the purpose an an ultrasound survey of fetal anatomy, examination of the lungs
in the same section used for the four-chamber view of the fetal heart is sufficient.
Under normal condition, the fetal lungs are uniformly echogenic. At 18-23
weeks, the central third of the thoracic area at the level of the four chamber
view is occupied by the heart, and the remaining two thirds by the lungs,
that are normally uniformly echogenic. This scanning plane can also be used
for the measurement of the thoracic circumference, that is correlated with
the development of the lungs.
sagittal plane of the fetal trunk usually allows to identify the diaphragm
as a thin sonolucent line separating the abdominal from the thoracic cavity.
ADENOMATOID MALFORMATION (CAM)
adenomatoid malformation of the lung is a developmental abnormality arising
from an overgrowth of the terminal respiratory bronchioles. The condition
may be bilateral involving all lung tissue, but in the majority of cases it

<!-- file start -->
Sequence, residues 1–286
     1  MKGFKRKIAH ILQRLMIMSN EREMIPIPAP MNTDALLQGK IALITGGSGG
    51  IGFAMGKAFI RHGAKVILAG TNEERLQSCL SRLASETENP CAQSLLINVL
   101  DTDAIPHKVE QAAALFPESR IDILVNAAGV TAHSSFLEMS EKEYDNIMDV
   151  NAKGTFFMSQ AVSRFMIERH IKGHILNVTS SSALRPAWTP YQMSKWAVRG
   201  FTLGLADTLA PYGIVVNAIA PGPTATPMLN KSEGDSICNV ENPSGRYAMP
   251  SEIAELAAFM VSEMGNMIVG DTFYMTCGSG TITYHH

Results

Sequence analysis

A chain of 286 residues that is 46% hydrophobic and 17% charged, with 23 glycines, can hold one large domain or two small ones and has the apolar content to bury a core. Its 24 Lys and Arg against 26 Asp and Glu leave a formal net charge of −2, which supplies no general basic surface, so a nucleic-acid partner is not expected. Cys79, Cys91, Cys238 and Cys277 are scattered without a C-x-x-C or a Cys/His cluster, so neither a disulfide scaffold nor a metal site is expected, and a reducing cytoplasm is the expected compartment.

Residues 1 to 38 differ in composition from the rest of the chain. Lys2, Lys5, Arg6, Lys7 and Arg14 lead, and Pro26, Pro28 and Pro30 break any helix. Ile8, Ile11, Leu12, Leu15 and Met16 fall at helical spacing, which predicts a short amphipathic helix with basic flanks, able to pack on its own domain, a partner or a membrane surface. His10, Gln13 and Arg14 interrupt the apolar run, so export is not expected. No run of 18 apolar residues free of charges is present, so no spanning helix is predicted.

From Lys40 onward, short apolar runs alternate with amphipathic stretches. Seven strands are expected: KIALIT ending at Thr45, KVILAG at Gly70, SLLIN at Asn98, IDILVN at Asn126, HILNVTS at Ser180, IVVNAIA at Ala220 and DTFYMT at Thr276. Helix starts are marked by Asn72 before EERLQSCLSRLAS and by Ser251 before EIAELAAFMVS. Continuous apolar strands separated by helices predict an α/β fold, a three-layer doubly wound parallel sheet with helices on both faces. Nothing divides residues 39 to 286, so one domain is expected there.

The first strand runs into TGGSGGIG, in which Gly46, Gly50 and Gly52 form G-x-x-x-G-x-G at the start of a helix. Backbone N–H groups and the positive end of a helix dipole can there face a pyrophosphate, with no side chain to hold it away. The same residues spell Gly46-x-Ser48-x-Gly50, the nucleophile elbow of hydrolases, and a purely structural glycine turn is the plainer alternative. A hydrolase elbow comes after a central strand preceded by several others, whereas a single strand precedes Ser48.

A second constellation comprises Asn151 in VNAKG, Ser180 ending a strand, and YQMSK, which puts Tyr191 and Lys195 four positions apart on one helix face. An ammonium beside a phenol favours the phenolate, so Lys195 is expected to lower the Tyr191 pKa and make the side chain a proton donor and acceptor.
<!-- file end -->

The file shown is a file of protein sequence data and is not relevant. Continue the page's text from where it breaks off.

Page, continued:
is confined to a single lung or lobe. The lesions are either macrocystic (cysts
of at least 5 mm in diameter) or microcystic (cysts less than 5 mm in diameter).
In 85% of cases, the lesion is unilateral with equal frequency in the right
and left lungs and equal frequency in the microcystic and macrocystic types.
adenomatoid malformation of the lung is found in about 1 in 4000 births.
is a sporadic abnormality. In about 10% of cases, there are other abnormalities,
mainly cardiac and renal.
is based on the ultrasonographic demonstration of a hyperechogenic pulmonary
tumor which is cystic (CAM type 1), mixed (CAM type 2), or solid – microcystic
(CAM type 3). Microcystic disease results in uniform hyperechogenicity of
the affected lung tissue. In macrocystic disease, single or multiple cystic
spaces may be seen within the thorax. Both microcystic and macrocystic disease
may be associated with deviation of the mediastinum.
there is compression of the heart and major blood vessels in the thorax, fetal
hydrops develops. Polyhydramnios is a common feature and this may be a consequence
of decreased fetal swallowing of amniotic fluid due to esophageal compression,